A programmer allegedly threatened to maim, torture, and kill employees of a company he thought was spamming him.
A 44-year-old Silicon Valley programmer has been charged with threatening to maim and even kill employees of a Canadian Internet-advertising agency that he believed had repeatedly sent him spam.
The federal complaint alleges that between May and mid-July, Charles T. Booher left numerous voice- and E-mail messages for Internet-advertising company DM Contact Management Inc. demanding that it stop spamming him. The complaint states that DM president Douglas Mackay told Booher that the company wasn't responsible for the spam.
It seems Booher didn't believe him and allegedly sent a series of E-mail messages threatening to torture and kill DM employees if they didn't remove him from the company's mailing list. In one message, Booher allegedly threatened to "disable [Mackay] using a quick 22-calibre shot to your lower spine." The letter also threatened to take the company's president to a "secret hiding place" where he would torture him. In subsequent E-mail, Booher allegedly threatened to send the company packages containing anthrax and to slam a 10-centimeter ice pick into Mackay's left ear.
The complaint states that Booher allegedly continued his threats even after Sunnyvale, Calif., police officers ordered him to cease.
When two FBI agents arrived at his home July 23, Booher admitted to sending numerous threatening E-mails, the complaint states. He told FBI agents that he's a testicular-cancer survivor and he felt "the E-mail messages in regard to penile enlargement were frustrating," according to the complaint.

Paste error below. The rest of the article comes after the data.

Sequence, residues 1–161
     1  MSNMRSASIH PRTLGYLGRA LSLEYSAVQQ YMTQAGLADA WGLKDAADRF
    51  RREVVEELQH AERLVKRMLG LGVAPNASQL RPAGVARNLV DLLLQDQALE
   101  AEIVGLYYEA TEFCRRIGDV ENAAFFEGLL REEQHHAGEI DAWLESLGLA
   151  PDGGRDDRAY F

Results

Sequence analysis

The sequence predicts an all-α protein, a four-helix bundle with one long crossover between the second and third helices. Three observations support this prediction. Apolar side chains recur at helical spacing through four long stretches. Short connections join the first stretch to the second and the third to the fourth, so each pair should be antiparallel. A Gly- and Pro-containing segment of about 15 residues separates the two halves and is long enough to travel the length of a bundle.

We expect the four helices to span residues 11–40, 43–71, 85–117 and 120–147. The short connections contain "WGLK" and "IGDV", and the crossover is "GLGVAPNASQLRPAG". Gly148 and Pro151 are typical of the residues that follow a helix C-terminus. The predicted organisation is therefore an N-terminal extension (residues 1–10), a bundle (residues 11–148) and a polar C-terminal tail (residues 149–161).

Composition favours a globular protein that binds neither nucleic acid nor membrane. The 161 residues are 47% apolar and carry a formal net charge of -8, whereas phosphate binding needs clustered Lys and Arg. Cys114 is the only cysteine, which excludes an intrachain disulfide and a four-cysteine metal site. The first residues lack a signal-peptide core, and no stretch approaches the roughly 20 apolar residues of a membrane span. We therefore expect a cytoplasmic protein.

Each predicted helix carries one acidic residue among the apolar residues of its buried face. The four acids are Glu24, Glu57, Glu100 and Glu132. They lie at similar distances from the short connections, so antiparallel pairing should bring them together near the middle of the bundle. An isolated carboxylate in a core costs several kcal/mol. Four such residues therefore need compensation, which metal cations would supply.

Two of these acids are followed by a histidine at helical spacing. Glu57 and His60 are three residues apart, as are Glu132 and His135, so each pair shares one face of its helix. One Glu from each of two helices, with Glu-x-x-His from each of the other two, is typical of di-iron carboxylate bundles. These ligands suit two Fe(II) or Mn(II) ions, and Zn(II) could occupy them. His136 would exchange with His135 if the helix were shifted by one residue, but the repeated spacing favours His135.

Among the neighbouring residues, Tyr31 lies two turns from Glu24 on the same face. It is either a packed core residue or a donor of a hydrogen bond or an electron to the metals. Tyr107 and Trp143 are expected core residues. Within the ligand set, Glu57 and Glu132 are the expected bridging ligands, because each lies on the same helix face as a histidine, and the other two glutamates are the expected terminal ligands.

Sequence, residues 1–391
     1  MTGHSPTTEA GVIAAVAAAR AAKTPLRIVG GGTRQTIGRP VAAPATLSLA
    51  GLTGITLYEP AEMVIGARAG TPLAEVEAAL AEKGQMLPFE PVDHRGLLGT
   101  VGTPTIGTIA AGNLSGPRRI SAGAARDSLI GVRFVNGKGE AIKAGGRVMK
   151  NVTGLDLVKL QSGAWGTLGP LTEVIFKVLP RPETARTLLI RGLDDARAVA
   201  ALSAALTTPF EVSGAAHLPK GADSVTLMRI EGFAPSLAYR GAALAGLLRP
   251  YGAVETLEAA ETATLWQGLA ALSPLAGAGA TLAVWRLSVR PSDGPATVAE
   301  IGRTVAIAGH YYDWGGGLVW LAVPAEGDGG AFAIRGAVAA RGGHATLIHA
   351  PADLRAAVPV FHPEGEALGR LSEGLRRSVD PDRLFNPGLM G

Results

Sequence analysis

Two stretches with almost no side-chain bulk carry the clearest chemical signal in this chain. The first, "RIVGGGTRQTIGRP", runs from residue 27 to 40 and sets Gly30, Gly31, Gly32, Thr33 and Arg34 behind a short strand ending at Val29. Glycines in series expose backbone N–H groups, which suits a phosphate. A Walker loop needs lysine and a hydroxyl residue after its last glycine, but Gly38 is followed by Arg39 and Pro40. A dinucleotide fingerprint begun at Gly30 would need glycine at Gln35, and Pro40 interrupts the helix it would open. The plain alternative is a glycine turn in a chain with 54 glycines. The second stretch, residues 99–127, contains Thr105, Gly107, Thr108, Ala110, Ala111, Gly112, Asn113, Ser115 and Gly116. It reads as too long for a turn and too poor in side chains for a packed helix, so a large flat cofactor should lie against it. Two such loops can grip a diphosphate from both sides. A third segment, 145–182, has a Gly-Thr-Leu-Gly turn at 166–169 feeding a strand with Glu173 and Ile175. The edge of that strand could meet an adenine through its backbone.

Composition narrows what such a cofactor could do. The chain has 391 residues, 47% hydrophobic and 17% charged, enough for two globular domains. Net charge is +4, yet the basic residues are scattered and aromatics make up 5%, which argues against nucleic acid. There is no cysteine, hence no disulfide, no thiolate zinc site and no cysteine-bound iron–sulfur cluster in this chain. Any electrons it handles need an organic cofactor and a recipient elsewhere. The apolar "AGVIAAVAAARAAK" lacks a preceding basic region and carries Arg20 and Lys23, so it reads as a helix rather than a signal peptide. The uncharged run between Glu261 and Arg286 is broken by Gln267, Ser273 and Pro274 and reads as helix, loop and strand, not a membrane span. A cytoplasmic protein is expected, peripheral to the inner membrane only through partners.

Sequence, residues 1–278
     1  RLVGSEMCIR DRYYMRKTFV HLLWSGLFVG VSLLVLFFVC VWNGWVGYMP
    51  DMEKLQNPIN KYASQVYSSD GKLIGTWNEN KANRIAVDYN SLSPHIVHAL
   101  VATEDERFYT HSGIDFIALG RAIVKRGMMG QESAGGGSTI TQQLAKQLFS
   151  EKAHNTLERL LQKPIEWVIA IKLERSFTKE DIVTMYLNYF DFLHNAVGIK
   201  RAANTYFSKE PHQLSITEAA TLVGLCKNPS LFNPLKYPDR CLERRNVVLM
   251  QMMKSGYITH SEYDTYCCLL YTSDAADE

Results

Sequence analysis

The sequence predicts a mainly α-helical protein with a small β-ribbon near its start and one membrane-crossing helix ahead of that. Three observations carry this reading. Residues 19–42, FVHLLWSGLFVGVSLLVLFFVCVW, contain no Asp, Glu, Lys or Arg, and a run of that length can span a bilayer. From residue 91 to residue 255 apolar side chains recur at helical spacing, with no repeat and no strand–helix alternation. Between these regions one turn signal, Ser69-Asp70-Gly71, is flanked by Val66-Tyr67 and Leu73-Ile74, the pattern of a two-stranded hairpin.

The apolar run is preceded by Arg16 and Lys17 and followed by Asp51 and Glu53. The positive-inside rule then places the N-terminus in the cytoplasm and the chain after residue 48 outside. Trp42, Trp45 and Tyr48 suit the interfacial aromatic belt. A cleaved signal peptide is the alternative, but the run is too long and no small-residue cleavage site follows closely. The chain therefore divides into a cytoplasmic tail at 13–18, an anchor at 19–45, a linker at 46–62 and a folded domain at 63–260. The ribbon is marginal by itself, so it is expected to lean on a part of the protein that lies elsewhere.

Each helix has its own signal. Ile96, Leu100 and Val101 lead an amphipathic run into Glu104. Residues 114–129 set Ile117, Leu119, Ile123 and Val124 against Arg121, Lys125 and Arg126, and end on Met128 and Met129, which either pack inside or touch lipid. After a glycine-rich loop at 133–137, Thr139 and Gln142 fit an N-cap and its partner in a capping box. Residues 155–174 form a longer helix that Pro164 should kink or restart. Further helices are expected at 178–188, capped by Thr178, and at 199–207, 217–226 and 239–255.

The FBI arrested Booher last week. He faces a maximum penalty of five years imprisonment and a fine of $250,000 for "threatening interstate or foreign communications." Booher was released on a $75,000 bond. His preliminary hearing is set for Dec. 11.
2018 State of the CloudCloud adoption is growing, but how are organizations taking advantage of it? Interop ITX and InformationWeek surveyed technology decision-makers to find out, read this report to discover what they had to say!
Infographic: The State of DevOps in 2017Is DevOps helping organizations reduce costs and time-to-market for software releases? What's getting in the way of DevOps adoption? Find out in this InformationWeek and Interop ITX infographic on the state of DevOps in 2017.
The Next Generation of IT SupportThe workforce is changing as businesses become global and technology erodes geographical and physical barriers.IT organizations are critical to enabling this transition and can utilize next-generation tools and strategies to provide world-class support regardless of location, platform or device